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The PRACTITIONER’S Page: Lellos Demetriades of Cyprus; A federal constitution for Cyprus?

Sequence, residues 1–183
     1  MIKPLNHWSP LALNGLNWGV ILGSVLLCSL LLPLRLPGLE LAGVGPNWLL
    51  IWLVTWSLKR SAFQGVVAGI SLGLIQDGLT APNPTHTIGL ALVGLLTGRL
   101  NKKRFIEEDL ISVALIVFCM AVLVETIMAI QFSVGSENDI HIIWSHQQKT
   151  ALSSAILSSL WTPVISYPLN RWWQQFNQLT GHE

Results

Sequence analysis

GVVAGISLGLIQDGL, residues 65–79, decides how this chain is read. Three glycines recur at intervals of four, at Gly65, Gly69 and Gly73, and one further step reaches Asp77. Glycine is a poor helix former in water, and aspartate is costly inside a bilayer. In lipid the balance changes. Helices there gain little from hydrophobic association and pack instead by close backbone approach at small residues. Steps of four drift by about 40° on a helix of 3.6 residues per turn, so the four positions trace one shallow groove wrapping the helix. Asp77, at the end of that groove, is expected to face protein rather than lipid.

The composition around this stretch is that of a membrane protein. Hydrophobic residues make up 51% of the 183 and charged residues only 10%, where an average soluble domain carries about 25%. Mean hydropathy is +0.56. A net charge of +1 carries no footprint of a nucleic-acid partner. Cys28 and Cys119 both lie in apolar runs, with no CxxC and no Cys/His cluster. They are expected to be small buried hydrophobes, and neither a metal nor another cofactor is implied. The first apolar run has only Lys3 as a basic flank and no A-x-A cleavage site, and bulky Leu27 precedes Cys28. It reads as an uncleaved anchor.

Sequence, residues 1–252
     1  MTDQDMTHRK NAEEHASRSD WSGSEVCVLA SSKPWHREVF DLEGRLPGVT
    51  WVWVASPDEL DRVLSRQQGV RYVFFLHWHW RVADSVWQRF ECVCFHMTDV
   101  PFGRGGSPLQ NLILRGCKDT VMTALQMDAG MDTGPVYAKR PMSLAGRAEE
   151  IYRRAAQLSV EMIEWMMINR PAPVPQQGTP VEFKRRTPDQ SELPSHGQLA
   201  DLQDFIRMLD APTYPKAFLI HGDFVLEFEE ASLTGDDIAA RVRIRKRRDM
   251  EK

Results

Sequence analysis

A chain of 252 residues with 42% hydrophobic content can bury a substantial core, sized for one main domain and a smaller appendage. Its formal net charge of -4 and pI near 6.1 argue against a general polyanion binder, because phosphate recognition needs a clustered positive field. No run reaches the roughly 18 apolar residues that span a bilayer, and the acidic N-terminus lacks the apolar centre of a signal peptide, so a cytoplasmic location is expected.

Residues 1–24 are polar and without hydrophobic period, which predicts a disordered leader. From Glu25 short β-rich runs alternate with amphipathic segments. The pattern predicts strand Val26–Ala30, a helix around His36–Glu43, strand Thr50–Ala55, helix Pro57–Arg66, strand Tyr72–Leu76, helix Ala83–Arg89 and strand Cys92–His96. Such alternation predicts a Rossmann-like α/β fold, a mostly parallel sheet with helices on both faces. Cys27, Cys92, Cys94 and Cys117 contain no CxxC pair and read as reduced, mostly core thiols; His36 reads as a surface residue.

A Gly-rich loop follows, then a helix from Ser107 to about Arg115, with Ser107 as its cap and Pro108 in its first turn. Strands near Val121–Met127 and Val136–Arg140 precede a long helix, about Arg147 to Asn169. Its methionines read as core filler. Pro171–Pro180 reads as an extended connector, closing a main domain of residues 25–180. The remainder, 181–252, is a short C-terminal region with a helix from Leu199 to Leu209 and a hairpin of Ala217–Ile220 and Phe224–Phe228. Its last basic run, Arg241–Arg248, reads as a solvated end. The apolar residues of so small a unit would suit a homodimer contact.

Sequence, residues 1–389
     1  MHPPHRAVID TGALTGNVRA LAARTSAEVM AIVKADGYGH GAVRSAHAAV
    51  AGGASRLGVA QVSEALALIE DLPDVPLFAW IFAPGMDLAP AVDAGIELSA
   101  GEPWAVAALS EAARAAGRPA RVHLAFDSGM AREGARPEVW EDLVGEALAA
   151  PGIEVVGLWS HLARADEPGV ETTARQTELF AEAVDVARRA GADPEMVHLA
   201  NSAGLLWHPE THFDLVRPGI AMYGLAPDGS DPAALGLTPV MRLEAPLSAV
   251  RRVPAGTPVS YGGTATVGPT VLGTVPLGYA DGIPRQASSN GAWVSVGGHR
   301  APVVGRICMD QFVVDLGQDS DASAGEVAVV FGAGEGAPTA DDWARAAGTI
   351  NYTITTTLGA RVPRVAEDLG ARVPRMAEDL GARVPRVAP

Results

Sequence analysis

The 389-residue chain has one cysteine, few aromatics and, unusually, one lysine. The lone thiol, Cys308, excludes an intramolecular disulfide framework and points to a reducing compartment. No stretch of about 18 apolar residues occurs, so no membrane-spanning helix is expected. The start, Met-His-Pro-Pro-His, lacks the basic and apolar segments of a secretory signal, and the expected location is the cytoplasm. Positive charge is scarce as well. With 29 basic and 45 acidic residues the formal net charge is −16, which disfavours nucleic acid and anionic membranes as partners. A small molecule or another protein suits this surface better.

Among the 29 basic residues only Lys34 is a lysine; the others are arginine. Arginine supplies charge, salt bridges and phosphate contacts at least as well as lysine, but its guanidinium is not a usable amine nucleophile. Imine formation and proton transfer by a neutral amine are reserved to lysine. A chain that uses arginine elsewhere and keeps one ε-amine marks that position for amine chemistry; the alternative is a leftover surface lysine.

Cypus is a prime candidate to become a member of the European Union. Turkey is also seeking to join the EU. Their joint aspirations may provide impetus for a constitutional resolution of the island’s chronic conflict – a solution that could very well entail creating a federal structure for Cyprus. Forum of Federations Senior Editor Karl Nerenberg interviewed Lellos Demetriades, former Mayor of Nicosia, in St. Gallen, Switzerland this August, at the International Conference on Federalism 2002. Federations: When you were the mayor of Nicosia, what powers and functions did you have? Demetriades: They are the usual powers and functions of Mayor. You have to deal with everyday affairs, the roads, the lighting, keeping the town clean, town planning, and things like that. Except that on top of that, in addition to the ordinary headaches that a mayor has today – you know: clean atmosphere, environment, that kind of thing – on top of that I had to deal with a divided city. That is a city where the line’s drawn right across the heart of the city, across the center of the city, dividing it into two parts and there is no communication between the two. So everything stops at the border and in order to proceed further you have to make special arrangements and if they work well: good. If they don’t then you’re in trouble. Federations: Were you mayor of both parts of the city? Demetriades: Well, legally, theoretically if you wish, I was the only mayor of Nicosia. There can be no other mayor because we don’t recognize… Not ‘we’, I mean not ‘we the Greek Cypriots’ or whatever. The rest of the world except Turkey does not recognize any other state in Cyprus except the Republic of Cyprus. Federations: But did you actually have authority to administer the Turkish half? Demetriades: No, no. De facto I did not. And I was mayor of course from 1971 to 2001. So during that period the city was partly divided at the beginning but then at the very end after the invasion in 1974 there was something like an Iron Curtain, you know, no communication at all. Federations: How was the Turkish part of Nicosia administered? Demetriades: Well, under their own rules of administration they had elections and they elected a Federations Vol. 2, No.5, November 2002 person who was called the mayor of that part of Nicosia but of course, again, there was no legal recognition of that. Federations: Did you know him? Demetriades: I got to know him and I think we liked each other very much. Of course we had the difficulty with who is he and who is me. So we decided to do away with titles and say that he represented the Turkish civil community of Nicosia and I represented the Greek community. But we all belonged to one town and if we really liked our town we had to do something about it in relation to common services. Federations: You’re at an international conference on federalism. What is your interest in federalism? Demetriades: What is now burning us all is what will happen before the end of the year. Why before the end of the year? Because it seems that at the end of the year the European Union will have to make a decision as to whether we enter or not. We are ready to enter. In fact, we are number one ahead of all the other candidate countries and the only thing, which worries us and worries also the European Union is the position taken by Turkey that if European Union proceeds unilaterally with us and accepts Cyprus as a member then they will do all sorts of terrible things. I don’t know what exactly they intend to do but said they will make life very difficult. Not for us only but for the international community. So there is a problem, there is not much hope, I must say, that the problem will be solved. I mean the “Cyprus problem” so to speak. But on the other hand I have a feeling – because of the fact that for the first time in our history of struggling to solve the problem of Cyprus, we at long last have one great power supporting us, that’s the European Union – because it suits their purpose. We have an ally because a lot of people really are fed up with the situation, including the Cypriots and because there is too much trouble in our part of the world and the great powers that have always played an important role in this kind of problem, they really think that they should do something about it. And without some kind of assistance from these powers I don’t think anything will be done. Now in my mind of course when I say assistance I mean that they would not force us to say, “Yes, the Turkish-Cypriot minority of 18% are entitled to have a cessation from the Republic of Cyprus and form their own independent state and all that.” Nowhere in our discussions was it said that look here you just start having two states out of one because there is a minority then the motherland is 40 miles away and for their own interest they want to have a separate sort of state. Short of that, we are ready to give the minority of 18% all sorts of safeguards, liberties, anything that any country has in the European Union – because we Cypriots want to go in. Greece is in. Turkey wants to join the EU, so why not accept some kind of a European Union country constitution? We are ready to accept it. Federations: Would you expect aid from the European Union to help you write a constitution suitable to Cyprus’ needs or would you be looking at the constitution of a particular federal country such as Belgium or Germany? The Future of Cyprus Cyprus was ruled by the Ottoman Empire from 1571 until 1878, when it was transferred to British administration by the Congress of Berlin. International negotiations in Zurich and the London Conference in February 1959 led to the Cyprus Constitution of 1960, which included a form of power-sharing between the Greek Cypriot and Turkish Cypriot communities. In 1974, a failed coup attempt against the Makarios government in Nicosia was cited by Turkey as grounds for military intervention. Turkish troops then occupied 37 % of the island, where the Turkish Cypriots have since formed the Turkish Republic of Northern Cyprus, which is recognized only by Turkey. Greek Cypriot proposal for a federal solution, on the Government of Cyprus website: proposal1989/proposal1989_main.htm Turkish Cypriot proposals for a two-state confederation, on the Turkish Ministry of Foreign Affairs website: Confederation proposal of Turkish Cypriots: confed.htm “Reuniting a divided island: Cyprus, north and south”, Le Monde Diplomatique, April 2002: Federations Vol. 2, No.5, November 2002 Demetriades: I wouldn’t go as far as saying that we shall adopt completely the constitution of Germany or Belgium or whatever, no, because each case has it’s own particular problem, peculiarities, the same you have to adjust it, yes, but you cannot depart from basic rules. And one basic rule is that yes you can have a federal constitution and the federal government could be loose and not having too much power and all that, fine, but it must not be two independent states getting together to form another one. No, that we cannot accept and in fact there is no such precedent in any European constitution that they mention, even the constitution of Belgium. Federations: Imagine that you are trying to develop a constitutional framework on a federal model for Cyprus. One difference with Belgium and many other countries is there is a great difference in numbers that you have over 80% Greek and under 20% Turkish. What kind of guarantees do you have and how do you make them practical? Demetriades: There are many ways. First of all it’s the constitutional guarantees that beyond that there is the guarantee of other nations. We would be prepared for example to have some kind of guarantee from the United Nations or from a number of countries. I mean we don’t want to do any harm, I mean real harm to the minority. We do not have this in mind. But remember the majority has also rights. At the end of the day you cannot change the majority into a minority and vice-versa. Federations: Would all the division of responsibilities and powers have to be based on a more or less percapita basis? Or would you consider, say, having the equivalent of what you have in many federal countries of a senate, where the two sides are equally represented despite the difference in population? Demetriades: Yes, we are prepared to have… to reach that stage too. Under the principles, which prevail now in Europe, it must be a workable constitution. It must not be full up of deadlocks and nobody knows what will happen. It’s extremely difficult to describe to you. You know it very well, more than me, the little details and whether it will be majority vote – it cannot be majority vote for everything. For very important matters it has to be a special majority or other checks and balances. I am ready for it and I repeat that. We in Cyprus, the Greek Cypriot side if you wish, we are ready to accept the principles prevailing in Europe about this kind of constitution, a federal constitution, Belgium in particular. But not to have something different which will be a monster. I mean an unknown creature, a monster of constitutional – federal constitutional law. Federations: So, how do you proceed now? What process would you use to proceed to try to get a serious discussion aside from the support of Europe? Demetriades: You have to agree on the principles. If you do not agree on the principles you cannot go along to a draft. So before the end of the year at least we agree on the principles and then it will not be that Federations Vol. 2, No.5, November 2002 British Army Base You have to agree on the principles. If you do not agree on the principles you cannot go along to a draft. So before the end of the year at least we agree on the principles and then it will not be that difficult to sit down and draft a constitution on the basis of these principles. afraid that the Cyprus problem will go on and on. Most probably we shall be accepted in the European Union. The Turks will proceed to do what they want to do. There is no other way for the time being. So it doesn’t look very optimistic on the horizon, but this I’ve said before: there are a lot of special circumstances now. … So we hope for the best. difficult to sit down and draft a constitution on the basis of these principles. Federations: Would you be interested in some point at looking internationally and trying to gather some expertise in the historic management of this kind of political structure – a federal political structure – once you get past the first initial stage of an agreement? Demetriades: We have been seeking and we did secure advice from constitutional lawyers and draftsmen and we have them on a sort of permanent basis and the staff of the Secretary-General who is dealing with our problem does in fact include people who have this knowledge to deal with this particular matter. The problem is that the political decision is not there yet and if nothing happens towards that direction I’m Reuniting an island – problems with solutions? The Green Line – line dividing Cyprus between the Turkish and Greek areas of Cyprus, patrolled by UN Peacekeeping troops. There is one checkpoint in Nicosia, at the Ledra Palace, where tourists can cross from Greek Nicosia to Turkish Nicosia for a day. The 24 empty seats in the legislature – today 24 of the 80 seats in Cyprus’ House of Representatives stand empty – they were set aside for Turkish Cypriots but they have been unfilled because Turkish Cypriots refused to run for them in elections. Meetings without titles – Rauf Denktash, who holds the title of President of the Turkish Republic of Northern Cyprus, an entity recognized only by Turkey, and Glafcos Clerides, President of Cyprus (though he controls only the Greek part), met recently for the first time in decades, but only on the condition that no titles were used by either. Federations Vol. 2, No.5, November 2002